I was waiting to meet one chap, Himanshu. And let me tell you I owe him a lot. He guided me through Meghalaya with solid tips on backpacking not even knowing who I was.

I was a solo backpacker traversing Meghalaya with no clue and over a call/message he helped me. He was part of another offbeat tours and what was commendable was that he didn’t do a sales pitch about his tours but helped me as real friends do and I was finally going to meet him after 11 months!

Himanshu had got a group of people for Hornbill yet he made time to meet me. I always hold those moments precious. That someone thought you were worthy enough to spend time. We hung out for sometime until he had to leave with his group.

Bhim and I then went to the Angami tribe Morang and ordered two different kinds of beer with a big packet of wild apple chips. My rice beer was so effing strong, I got a solid kick! Just then we bumped into Ratan and his team mate Piyush- another Marwari guy and nothing Marwari about him either! They hung out with us and Ratan warned me not to eat the rice too much but to press it with the spatula and have only the liquid. The rice was truly kicking my ass high!

Hornbill had a beautiful open arena like a Colosseum spread out. Music concerts were held between 4-8 pm. On a dark evening at 4 pm( yup) Bhim, Ratan, Piyush and I sat there and got drawn into a fantastic jazz concert. From Cello to Piano to the Violin, the talent was unbelievable. Western classical pieces, a rendition of Janis Joplin’s Summertime that got my hair standing and Louis Armstrong’s What a wonderful world’ sung with the soul of Aretha Franklin. Here was where music truly breathed and lived. It was in their blood and veins, we were mesmerised.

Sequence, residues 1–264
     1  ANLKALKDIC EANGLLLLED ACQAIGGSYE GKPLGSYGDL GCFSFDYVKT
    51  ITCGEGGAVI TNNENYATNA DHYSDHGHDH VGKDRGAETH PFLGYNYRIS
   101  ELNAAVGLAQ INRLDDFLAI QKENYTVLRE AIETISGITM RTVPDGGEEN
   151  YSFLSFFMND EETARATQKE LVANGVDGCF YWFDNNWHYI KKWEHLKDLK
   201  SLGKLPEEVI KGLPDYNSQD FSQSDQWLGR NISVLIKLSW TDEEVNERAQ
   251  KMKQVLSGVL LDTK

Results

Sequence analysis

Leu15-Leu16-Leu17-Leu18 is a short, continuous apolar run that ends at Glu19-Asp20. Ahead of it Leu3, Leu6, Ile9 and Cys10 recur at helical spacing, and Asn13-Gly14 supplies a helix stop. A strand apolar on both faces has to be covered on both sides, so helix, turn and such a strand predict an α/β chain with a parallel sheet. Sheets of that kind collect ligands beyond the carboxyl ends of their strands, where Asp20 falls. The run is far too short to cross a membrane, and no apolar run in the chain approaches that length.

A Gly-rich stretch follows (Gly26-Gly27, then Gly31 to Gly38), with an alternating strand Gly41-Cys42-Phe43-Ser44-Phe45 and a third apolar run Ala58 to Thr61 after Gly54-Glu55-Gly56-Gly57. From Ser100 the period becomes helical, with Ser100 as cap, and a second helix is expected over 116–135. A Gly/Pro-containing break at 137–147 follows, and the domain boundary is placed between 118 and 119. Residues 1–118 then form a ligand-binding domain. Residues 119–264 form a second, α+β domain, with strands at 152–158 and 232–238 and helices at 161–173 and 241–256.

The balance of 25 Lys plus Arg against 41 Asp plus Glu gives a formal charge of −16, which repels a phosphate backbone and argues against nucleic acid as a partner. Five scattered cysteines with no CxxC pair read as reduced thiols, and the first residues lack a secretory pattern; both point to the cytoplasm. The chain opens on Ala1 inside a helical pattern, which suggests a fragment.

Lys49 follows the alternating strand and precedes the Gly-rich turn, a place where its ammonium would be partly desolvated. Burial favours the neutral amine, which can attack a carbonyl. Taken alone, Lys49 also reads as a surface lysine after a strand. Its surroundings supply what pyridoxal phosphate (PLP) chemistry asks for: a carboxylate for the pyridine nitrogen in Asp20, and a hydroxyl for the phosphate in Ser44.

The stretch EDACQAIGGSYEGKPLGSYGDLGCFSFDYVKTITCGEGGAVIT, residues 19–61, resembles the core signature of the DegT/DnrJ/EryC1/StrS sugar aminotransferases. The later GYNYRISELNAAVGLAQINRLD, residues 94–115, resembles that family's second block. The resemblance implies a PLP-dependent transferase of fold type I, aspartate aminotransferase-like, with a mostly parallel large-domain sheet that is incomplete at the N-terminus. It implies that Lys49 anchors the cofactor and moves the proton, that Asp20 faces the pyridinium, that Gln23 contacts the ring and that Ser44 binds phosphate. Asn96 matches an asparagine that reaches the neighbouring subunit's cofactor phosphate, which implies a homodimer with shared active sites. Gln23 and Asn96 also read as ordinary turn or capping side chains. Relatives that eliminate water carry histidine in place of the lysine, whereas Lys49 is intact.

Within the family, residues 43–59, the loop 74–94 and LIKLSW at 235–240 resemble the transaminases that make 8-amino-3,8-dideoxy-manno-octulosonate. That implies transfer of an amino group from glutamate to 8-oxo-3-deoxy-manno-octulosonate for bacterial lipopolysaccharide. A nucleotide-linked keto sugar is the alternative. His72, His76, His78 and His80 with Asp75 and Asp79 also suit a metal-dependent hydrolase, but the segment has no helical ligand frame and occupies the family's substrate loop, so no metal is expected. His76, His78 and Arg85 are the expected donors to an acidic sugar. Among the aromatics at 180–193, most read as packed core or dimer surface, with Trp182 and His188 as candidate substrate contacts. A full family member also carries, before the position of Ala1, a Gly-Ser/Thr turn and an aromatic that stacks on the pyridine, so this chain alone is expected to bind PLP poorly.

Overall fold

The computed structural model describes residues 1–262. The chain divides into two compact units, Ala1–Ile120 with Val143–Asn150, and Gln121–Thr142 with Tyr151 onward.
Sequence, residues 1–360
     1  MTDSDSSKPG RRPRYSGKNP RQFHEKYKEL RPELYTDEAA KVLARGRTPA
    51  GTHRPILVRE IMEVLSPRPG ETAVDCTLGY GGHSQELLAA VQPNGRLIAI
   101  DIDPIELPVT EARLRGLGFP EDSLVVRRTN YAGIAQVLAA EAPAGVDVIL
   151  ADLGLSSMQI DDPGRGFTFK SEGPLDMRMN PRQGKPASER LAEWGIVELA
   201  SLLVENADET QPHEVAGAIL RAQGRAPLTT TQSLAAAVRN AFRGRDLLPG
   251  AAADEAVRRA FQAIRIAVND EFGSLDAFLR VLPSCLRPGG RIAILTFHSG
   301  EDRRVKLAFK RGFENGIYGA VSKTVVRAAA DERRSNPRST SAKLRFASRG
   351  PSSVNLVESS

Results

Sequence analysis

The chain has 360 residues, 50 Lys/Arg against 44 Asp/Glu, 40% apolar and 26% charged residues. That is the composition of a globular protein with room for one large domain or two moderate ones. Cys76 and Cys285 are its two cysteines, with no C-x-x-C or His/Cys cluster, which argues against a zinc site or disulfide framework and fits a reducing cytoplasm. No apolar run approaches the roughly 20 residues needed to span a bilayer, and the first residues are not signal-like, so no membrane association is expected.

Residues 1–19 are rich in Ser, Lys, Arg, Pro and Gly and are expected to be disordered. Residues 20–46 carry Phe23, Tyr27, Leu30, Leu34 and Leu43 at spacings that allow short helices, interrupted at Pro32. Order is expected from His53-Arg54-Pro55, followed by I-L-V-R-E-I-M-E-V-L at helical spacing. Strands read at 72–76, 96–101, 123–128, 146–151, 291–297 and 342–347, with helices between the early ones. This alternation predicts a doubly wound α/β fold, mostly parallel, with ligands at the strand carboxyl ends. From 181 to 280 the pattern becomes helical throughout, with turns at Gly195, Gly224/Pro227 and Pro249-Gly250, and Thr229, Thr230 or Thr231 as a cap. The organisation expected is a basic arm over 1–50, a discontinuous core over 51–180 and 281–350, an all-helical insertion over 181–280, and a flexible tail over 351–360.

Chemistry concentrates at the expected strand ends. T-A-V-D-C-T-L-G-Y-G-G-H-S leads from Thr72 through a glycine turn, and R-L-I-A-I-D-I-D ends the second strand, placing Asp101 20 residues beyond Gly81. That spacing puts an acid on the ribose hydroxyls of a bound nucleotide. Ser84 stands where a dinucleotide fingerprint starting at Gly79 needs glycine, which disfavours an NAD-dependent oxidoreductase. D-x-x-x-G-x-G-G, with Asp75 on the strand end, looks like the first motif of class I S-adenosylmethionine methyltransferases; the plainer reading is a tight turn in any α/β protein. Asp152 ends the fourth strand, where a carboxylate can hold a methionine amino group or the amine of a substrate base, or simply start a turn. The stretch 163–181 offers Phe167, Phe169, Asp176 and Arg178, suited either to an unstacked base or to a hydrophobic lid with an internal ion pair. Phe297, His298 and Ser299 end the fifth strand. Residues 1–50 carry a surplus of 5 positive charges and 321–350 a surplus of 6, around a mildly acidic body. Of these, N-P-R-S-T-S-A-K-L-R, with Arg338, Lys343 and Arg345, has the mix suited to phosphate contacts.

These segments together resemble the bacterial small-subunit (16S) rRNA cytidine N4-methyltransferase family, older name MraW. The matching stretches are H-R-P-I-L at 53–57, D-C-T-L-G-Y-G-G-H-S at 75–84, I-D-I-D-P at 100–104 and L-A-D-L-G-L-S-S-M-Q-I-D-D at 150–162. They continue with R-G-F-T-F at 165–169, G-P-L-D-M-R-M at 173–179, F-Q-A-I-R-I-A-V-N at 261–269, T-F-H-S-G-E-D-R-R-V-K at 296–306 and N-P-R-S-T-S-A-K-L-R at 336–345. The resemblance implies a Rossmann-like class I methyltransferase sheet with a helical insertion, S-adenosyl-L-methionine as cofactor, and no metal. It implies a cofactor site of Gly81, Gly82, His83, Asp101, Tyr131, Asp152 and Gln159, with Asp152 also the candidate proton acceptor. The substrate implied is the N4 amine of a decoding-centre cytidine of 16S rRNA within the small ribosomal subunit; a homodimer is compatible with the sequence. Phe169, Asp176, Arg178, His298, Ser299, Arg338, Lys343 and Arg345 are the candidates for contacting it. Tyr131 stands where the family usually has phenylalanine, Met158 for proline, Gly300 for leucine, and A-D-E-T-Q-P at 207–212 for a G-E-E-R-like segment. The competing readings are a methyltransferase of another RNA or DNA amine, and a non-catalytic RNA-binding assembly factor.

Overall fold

After the concert, we sat by the fire at another Morang, ‘Lotha Chumpa’, there were bonfires in every hut to huddle together in the cold freezing night. As four of us were chatting away with another group who had come from Tamil Nadu, a guy came rushing towards Ratan, his name was Nicholas.

He was a guide, well more than a guide. He was well known and popular. Jovial and bursting with energy, he and Ratan chatted for a bit and he introduced us to him. Bhim and I would get to spend some quality time with Nicholas in the most unexpected of situations later.
After sharing some snacks, the four of us left for the homestay. The night had not ended at least for Bhim, Ratan and me. We discussed about life, it’s banalities, hard core simple questions.
Then the three of us got in his car and decided to buy some bread for tomorrow and some smokes in the next village. I remember the songs Ratan played in his car, Have you ever seen the rain by Creedence Clearwater Revival, Piano Man by Billy Joel. Here was this awesome guy, high on life and yet so balanced and calm.

Bhim offered to drive to Camp David where a band was playing. Now this was the deal, there were so many campsites set up for visitors coming to Hornbill, there were bands playing every night at some camp or the other.

But by the time we reached the camp, the band had just about wrapped up and in place was an awful EDM/ Trance shit playing, so then and there we decided to go back to the homestay. I was really glad when Ratan said, this type of music was not his scene. You know a true rock music lover when you meet one.😊

We came back to the homestay and munching on chips and food we continued our discussion. It was time to call it a night.
There were other travellers in the homestay but that night we would form a kinship with a very few and that would lead us to an unbelievable journey.

To be continued…